February 2009 Archives

Saving Water

| 1 TrackBack

While we were in Europe, I developed a new hobby: self-sufficiency. It has led to the recent posts about cooking and shopping and what all it takes to look groomed. Some of you have laughed, but I warn you, we’re about to go swimming in the deep end.

You see, it occurred to me, while sitting on the lakeshore in Bellagio watching the fisherman pull in his nets, that with a suitable location it might be possible to retire from working and live a life that wouldn’t wear so hard on the earth. Mostly it was an intriguing thought experiment, but now with the job market being what it is and the not-too-distant sale of my house, it’s a little more practical to think about. So I’ve been reading up on sustainable living, which includes totally normal things like growing fruits and vegetables in your backyard to crazier stuff like how to farm your own fish in a tank under your tomatoes.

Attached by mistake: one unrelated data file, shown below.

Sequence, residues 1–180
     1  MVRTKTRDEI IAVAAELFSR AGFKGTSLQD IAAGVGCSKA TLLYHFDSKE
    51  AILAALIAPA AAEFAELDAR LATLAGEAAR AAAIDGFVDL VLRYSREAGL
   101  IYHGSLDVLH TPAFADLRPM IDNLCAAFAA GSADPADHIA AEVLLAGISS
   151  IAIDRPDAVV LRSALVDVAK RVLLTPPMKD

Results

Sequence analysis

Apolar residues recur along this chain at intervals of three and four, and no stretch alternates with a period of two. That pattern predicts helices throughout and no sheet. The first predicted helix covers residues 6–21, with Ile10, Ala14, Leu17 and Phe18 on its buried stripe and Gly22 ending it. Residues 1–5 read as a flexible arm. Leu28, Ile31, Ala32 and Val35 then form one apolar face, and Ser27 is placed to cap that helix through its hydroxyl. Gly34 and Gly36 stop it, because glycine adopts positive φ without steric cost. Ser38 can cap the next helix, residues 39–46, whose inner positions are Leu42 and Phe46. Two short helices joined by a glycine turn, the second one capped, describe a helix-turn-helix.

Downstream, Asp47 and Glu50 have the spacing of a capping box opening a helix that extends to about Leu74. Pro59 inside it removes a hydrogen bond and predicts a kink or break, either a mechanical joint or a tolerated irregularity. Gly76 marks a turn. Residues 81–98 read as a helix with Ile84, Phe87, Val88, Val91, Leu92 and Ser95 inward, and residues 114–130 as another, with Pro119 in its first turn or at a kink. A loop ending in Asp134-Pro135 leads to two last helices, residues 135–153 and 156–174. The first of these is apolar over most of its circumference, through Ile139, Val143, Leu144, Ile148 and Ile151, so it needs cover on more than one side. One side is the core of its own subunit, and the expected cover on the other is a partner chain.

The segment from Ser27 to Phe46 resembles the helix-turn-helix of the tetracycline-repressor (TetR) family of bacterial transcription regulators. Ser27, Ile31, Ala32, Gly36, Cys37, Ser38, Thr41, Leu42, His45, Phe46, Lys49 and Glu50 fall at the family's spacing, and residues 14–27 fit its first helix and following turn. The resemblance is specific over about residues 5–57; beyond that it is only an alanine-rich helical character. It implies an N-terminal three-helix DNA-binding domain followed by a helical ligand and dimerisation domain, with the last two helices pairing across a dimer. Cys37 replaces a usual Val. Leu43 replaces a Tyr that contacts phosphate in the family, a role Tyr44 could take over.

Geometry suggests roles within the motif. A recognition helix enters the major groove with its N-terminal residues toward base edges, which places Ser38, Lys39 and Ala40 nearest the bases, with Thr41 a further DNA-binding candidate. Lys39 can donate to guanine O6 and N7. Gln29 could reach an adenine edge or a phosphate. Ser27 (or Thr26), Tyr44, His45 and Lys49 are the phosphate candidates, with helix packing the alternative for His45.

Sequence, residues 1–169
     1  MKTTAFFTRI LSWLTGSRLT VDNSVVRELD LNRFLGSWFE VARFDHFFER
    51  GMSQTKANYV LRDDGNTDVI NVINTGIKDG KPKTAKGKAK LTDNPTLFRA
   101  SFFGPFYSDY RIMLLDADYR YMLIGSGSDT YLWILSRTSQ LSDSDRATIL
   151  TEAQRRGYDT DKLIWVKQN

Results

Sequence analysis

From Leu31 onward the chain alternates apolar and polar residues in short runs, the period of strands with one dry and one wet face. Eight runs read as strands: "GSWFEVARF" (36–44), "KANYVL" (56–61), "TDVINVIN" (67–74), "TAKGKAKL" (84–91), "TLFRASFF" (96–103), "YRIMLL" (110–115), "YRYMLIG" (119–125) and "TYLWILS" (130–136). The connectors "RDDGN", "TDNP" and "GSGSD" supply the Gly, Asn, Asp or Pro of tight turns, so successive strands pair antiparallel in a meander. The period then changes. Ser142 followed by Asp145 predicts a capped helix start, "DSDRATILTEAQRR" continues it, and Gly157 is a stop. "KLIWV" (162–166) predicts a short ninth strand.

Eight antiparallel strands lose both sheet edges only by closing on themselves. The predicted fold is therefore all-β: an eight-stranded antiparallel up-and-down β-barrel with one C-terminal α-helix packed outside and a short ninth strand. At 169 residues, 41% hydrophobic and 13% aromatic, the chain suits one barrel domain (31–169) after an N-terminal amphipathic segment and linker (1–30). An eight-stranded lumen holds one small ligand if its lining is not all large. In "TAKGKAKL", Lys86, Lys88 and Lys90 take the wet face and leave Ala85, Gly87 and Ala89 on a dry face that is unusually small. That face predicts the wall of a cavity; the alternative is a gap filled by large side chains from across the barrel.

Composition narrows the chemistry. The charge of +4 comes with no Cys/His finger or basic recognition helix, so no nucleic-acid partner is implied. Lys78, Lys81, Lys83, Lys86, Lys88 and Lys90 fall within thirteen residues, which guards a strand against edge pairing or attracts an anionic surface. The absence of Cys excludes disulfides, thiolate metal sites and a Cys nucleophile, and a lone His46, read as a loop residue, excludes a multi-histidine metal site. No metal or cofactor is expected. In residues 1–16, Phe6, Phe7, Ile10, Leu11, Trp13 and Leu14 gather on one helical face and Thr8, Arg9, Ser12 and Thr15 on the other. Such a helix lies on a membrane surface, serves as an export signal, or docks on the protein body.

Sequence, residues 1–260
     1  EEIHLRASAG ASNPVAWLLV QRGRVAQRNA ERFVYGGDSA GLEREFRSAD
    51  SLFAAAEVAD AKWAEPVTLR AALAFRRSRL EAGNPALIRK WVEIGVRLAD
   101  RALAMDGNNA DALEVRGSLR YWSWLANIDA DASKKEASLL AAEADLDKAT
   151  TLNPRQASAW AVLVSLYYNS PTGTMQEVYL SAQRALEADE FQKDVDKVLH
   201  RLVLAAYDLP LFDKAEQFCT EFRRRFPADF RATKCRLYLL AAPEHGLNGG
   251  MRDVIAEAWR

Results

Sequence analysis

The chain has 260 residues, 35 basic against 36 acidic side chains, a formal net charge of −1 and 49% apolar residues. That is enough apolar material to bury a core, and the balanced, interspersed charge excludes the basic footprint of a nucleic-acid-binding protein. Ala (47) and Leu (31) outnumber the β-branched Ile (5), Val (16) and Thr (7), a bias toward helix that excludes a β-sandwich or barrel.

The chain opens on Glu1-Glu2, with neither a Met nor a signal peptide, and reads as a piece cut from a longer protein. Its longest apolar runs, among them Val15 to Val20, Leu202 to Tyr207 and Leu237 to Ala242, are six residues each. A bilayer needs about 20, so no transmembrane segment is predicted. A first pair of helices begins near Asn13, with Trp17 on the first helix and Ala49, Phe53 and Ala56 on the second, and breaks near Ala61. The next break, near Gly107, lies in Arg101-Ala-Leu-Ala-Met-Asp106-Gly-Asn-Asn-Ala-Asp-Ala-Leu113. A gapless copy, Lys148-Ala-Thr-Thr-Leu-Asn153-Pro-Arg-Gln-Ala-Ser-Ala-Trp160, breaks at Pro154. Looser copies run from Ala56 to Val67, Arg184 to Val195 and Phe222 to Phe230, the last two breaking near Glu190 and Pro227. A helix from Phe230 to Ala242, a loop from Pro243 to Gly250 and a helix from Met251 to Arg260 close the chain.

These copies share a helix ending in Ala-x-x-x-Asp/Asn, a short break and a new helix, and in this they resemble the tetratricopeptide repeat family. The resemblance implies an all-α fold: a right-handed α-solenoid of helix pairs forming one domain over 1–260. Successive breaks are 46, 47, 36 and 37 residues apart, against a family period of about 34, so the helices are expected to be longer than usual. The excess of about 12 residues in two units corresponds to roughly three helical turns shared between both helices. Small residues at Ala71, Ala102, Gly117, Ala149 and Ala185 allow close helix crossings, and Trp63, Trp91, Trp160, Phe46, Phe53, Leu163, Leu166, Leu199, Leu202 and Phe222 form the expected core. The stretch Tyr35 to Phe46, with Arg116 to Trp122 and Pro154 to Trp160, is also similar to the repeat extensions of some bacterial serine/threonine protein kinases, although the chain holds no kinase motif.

Yesterday, I was looking into catching and storing your own rainwater. I like the self-sufficiency of the idea, but wondered if, like most solar installations, it costs more than it saves. I did some digging and found that the average American family uses 236 gallons of water per day, or 86,447 gallons a year. I added up my own numbers and figured a family of four could get by on 138 gallons of water per day between four showers, 8 teeth brushings, cooking, running the dishwasher, a load of laundry, and five bathroom visits each. 138 gallons per day adds up to 50,370 gallons per year. Coincidentally, about 47,500 gallons of water each year falls on a 3000 sq.ft. roof in the east bay. So that’s good—with some tinkering, you could get by on the amount of rain you get—as long as you can store all the winter surplus for use in the summer.